WDFW anticipating having to kill 15 bighorn sheep to prevent deadly pneumonia outbreak

Yellowstone rams catch disease causing unsightly mouth sores

ELLENSBURG, Wash. — The Washington Department of Fish and Wildlife is anticipating having to kill 15 bighorn sheep to prevent a deadly pneumonia outbreak among the herd.

Wildlife biologists are taking steps this week to assess whether a deadly pathogen has infected the Quilomene herd in Kittitas County. The herd is one of the largest in the state, with between 220 and 250 sheep.

An off-duty Kittitas sheriff’s deputy observed a domestic ewe with seven bighorn rams in a remote area of the Ginkgo Petrified Forest State Park earlier this month. With permission from the ewe’s owner, it was removed and tested at Washington State University’s veterinary diagnostic laboratory, where it was confirmed the animal was carrying mycoplasma bacteria. This bacteria leads to fatal pneumonia in bighorn sheep.

“At this time, we know the ewe was with wild bighorns in the most southern portion of the herd’s range, where approximately 50 bighorns are located,” said Mike Livingston, WDFW Region 3 Director. “What we have to find out is whether any of the wild sheep have contracted the disease from her. It’s an unfortunate situation, but the operation, which will primarily target rams, should have minimal effect on the overall population.”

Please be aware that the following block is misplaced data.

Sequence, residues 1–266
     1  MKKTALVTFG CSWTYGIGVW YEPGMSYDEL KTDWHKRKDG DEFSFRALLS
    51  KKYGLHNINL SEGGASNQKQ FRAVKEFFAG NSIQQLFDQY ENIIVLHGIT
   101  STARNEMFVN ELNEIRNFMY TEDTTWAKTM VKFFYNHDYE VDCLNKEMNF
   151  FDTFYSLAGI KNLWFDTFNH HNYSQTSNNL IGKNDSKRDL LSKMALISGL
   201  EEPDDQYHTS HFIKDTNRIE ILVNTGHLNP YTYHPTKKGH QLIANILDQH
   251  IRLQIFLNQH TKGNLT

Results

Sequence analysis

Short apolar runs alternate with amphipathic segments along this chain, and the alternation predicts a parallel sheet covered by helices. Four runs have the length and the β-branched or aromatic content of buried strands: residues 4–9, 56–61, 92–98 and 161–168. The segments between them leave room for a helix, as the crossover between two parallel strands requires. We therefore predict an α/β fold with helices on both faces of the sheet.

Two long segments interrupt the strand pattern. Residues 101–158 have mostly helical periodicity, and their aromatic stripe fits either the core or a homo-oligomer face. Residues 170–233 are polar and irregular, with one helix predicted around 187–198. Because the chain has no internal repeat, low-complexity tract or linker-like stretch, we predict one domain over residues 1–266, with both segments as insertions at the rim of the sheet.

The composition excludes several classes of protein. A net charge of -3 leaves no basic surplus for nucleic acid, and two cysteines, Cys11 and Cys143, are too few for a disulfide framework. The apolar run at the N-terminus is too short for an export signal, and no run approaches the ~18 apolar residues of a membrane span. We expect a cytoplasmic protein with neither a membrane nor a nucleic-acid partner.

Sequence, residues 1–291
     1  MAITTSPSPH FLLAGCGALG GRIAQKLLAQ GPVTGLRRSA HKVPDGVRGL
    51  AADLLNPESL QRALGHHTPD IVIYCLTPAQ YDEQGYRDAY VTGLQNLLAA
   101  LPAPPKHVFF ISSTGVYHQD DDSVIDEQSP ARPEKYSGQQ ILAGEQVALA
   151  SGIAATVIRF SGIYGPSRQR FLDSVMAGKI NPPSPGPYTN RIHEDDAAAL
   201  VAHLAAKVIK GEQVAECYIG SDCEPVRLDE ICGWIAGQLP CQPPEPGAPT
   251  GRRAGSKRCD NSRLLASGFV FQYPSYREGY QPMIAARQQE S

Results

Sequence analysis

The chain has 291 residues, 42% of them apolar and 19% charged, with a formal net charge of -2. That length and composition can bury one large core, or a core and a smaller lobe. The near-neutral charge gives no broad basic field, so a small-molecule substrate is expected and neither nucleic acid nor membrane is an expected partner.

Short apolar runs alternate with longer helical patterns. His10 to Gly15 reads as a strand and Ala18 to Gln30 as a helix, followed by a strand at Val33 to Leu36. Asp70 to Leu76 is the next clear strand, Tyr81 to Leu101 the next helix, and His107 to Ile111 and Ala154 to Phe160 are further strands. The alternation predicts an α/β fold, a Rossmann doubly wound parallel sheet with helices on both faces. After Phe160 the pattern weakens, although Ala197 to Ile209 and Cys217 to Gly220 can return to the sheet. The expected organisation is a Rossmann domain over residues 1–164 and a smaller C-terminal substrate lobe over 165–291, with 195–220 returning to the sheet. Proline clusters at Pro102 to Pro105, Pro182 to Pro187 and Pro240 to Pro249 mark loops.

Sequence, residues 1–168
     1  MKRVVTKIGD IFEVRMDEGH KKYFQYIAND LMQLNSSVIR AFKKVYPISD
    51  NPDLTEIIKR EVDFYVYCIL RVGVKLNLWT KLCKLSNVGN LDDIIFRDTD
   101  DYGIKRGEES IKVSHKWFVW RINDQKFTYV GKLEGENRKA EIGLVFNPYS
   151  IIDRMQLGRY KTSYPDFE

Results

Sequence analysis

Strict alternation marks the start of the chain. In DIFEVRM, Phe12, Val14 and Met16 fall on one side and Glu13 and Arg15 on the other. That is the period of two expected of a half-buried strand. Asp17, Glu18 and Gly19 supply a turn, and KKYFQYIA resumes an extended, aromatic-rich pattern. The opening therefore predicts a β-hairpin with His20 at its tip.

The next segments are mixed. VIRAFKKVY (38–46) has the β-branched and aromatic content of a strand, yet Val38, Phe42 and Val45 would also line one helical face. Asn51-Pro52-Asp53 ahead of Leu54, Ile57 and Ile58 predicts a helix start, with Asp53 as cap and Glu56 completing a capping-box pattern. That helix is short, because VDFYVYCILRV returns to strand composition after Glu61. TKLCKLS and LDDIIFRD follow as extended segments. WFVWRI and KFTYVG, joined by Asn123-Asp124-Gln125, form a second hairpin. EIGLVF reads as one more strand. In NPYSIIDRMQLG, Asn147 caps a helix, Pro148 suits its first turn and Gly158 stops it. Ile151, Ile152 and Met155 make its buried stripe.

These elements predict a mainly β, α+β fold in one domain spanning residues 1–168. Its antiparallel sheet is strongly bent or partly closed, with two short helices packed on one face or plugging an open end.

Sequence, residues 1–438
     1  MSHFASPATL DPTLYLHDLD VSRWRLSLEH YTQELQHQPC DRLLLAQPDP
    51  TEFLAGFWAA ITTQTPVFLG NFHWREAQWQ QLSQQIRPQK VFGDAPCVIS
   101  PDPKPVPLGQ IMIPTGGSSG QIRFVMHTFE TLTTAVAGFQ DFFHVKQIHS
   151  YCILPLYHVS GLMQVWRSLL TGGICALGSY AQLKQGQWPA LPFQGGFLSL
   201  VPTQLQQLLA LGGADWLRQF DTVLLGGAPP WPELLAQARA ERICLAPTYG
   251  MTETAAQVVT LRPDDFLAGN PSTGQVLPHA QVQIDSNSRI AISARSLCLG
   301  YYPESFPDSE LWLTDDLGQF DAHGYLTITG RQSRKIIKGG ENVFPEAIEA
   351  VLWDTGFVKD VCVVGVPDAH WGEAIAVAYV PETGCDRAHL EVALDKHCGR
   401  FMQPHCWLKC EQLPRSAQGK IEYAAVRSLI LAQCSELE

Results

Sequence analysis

WDFW anticipates having to lethally remove 15 sheep and test 10 to 15 additional animals using non-lethal means, to assess if the herd is infected.

Biologists said the disease can reduce the survival rate of lambs born to surviving animals for many years after the initial outbreak. The breeding season has already started and Livingston said the department will have to move quickly.

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